- James Preston Allen
Crisis in the Age of Automation
By James Preston Allen, Publisher
There seems to be a very good argument going around these days that says, “You can’t stop the advancement of new technology.” The history of civilization seems to bear this out. The examples are too many to list from the beginning of the Stone Age and the Bronze Age, on down to what is now called the “information age.” Along the way, mankind’s intelligence and perhaps creative mistakes, as well as trial and error, have created some of the most useful solutions to our common problems. But this intelligence is not infallible. Think penicillin and gunpowder, stone tools and nuclear weapons.
Clearly, the lessons of 20th century warfare should inform us that not all inventions are used with the best of intentions nor the most beneficial results for mankind. Chlorine and mustard gases were the scientific inventions of World War I. Only in the aftermath of horrendous battlefield deaths did the world condemn and outlaw chemical warfare — after the war was over. Even so, they are still used today by certain tyrannical regimes to suppress political uprisings in countries like Syria and Iraq. Not all inventions are inherently good.
Over the centuries, communication devices have seen some of the most dramatic innovations that hold a power all their own — the prehistoric cave paintings of Lascaux, in southern France, still hold as much creative power today as they did 17,000 years ago, yet they don’t have the instantaneous viral impact of the YouTube video of a mass murder at a mosque in Christ Church, New Zealand. Certainly, the inventors of the smart phone and social media never imagined the current uses and abuses that would come from these.
So from pictographs to the printing press, the telegraph and the telephone, radio and TV, the internet has consolidated it all and supposedly “democratized ” the information. There have been both good and bad results from this. The defenders of “you can’t stop it” will say that you have to take the good with the bad and let society or government sort it out afterwards. Now some are suggesting protocols on just what should be censored in this democratized media world. In some countries, like China and Iran, the internet is highly censored and monitored, not by the social media companies, but by the government to suppress dissent.
The biotech scientists who are researching DNA editing don’t think all innovations are good and are regularly meeting to set up international standards, protocols and limitations on genome engineering prior to allowing the spread of this innovation. Not so with artificial intelligence and 5G automation technologies heading our way.
Calamity was created recently when a video of New Zealand’s mass shooting went viral. All the protocols that Google had in place couldn’t stop the spread of this violent hate-filled communication.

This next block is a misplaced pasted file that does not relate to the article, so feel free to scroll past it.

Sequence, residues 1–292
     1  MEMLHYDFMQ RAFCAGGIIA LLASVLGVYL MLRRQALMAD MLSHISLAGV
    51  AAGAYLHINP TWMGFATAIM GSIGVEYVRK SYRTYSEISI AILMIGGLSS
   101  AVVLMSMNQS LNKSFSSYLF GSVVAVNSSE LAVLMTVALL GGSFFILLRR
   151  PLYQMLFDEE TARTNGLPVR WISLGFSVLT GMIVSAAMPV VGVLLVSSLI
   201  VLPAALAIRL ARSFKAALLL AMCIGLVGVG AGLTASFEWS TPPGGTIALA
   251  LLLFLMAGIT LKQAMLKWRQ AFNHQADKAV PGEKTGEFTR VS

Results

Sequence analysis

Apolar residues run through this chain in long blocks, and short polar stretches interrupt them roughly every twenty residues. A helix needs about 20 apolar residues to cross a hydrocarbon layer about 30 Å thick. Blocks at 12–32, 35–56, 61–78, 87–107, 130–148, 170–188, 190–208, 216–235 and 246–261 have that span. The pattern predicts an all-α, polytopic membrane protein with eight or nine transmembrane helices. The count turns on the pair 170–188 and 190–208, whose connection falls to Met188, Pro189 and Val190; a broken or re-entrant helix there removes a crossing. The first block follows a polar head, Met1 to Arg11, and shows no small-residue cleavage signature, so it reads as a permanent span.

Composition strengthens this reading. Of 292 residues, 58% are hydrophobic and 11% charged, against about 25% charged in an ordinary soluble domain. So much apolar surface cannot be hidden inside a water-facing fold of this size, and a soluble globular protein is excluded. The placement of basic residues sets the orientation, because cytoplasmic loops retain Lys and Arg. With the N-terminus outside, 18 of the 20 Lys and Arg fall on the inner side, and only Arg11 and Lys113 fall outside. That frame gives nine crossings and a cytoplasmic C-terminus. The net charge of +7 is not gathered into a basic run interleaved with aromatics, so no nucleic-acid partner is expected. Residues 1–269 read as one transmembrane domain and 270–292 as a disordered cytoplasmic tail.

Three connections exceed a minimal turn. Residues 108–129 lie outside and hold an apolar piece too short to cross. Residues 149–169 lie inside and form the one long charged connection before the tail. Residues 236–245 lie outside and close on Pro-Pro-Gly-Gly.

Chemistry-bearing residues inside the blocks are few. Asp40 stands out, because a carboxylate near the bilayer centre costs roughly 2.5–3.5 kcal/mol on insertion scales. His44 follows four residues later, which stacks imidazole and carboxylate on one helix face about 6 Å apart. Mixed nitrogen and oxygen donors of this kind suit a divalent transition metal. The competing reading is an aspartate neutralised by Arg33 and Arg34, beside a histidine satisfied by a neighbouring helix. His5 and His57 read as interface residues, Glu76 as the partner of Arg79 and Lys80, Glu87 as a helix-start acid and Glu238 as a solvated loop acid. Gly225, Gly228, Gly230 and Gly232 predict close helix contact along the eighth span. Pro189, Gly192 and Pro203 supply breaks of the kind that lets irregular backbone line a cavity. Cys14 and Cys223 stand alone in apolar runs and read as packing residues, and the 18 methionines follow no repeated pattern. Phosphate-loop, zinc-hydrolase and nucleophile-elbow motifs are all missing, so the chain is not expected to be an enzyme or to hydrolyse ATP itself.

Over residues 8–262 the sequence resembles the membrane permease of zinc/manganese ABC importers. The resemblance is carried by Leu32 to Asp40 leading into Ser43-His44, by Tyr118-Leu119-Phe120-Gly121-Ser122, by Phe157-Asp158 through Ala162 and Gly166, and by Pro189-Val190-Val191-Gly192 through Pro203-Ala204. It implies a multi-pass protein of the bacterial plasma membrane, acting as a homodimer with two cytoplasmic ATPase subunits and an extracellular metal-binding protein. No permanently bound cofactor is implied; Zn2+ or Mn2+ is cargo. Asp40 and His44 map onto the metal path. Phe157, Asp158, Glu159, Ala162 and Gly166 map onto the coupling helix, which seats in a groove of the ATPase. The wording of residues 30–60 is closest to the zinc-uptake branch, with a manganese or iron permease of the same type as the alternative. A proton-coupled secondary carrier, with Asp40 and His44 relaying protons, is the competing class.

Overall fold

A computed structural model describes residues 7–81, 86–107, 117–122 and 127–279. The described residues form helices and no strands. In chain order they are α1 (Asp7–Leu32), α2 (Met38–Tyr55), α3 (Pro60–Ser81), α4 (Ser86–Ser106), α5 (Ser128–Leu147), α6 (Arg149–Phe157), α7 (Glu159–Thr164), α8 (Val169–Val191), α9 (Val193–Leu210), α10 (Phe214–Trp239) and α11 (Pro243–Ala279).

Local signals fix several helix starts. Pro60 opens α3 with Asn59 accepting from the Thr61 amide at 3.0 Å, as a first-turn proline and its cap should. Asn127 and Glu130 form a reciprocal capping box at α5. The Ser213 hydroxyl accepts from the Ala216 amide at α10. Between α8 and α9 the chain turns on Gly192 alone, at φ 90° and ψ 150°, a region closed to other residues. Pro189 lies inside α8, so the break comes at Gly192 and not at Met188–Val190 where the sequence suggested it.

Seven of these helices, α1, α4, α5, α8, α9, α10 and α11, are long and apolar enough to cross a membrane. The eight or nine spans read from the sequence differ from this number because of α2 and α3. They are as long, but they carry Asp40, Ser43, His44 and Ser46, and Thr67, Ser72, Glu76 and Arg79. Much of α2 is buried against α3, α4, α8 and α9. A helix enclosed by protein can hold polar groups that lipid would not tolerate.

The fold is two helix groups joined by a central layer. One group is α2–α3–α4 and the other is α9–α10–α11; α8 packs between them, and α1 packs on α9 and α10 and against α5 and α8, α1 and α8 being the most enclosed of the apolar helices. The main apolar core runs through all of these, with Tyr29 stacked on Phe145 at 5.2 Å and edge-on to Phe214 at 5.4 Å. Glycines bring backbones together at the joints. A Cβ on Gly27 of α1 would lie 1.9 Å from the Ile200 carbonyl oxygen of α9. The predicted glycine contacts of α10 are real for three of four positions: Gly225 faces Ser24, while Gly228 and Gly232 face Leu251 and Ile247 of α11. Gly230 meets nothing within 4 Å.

Unlike most traditional media the new tech digital companies allow content to be posted “without prior review.” This is the laissez faire ethos of the Silicon Valley technology class that promised to “democratize” information. They later found that not all information is equal, trustworthy or beneficial. Some of these “platforms” have about as much credibility as rumor and gossip at a barbershop. The investigations into Russian interference in the most recent U.S. presidential election using social media disinformation stands out prominently along these lines and we still haven’t seen the final reports.
Even so, these digital media corporations should be regulated and held to the same standards as any broadcast media using a public utility like the airwaves, the internet or whatever comes next. And, it must clearly be understood that information sharing is not a neutral enterprise, as can be understood in the cyber-warfare capabilities of both our own country and our adversaries. Notice, if you will, the recent cyber attack on the Venezuelan electrical grid after Donald Trump threatened President Nicolas Maduro and called him a “socialist.” Suspicious to say the least.
We can not be surprised that the real border security threats are not from people crossing over our southern border from Mexico but hostile entities who would hack into our computer systems and shut down entire infrastructures.
The Port of Los Angeles is a frequent target of many thousands of hits every month. In June 2017, one cyber attack put all the APM-Maersk terminals globally offline for 24 hours causing local longshore workers to track containers using old fashioned handwritten tags. The threat to global trade and our national security are significant concerns as Gene Seroka, the director of the POLA explained recently when asked to speak on this subject to the CIA headquarters in Langley Virginia.
As it stands now, artificial intelligence is the next driver of automation, as well as 5G technology. The experts who know the most about the advancement of artificial intelligence realize that it is not infallible and its use in driverless cars, trucks and other vehicles around our ports and as part of the global trade industry should be of huge concern. The drive towards zero emission vehicles, blue tech solutions in our San Pedro Bay area should not come at the cost of good paying jobs and the adoption of AI technology without strategic planning, retraining of the workforce and the regulation of all AI technologies.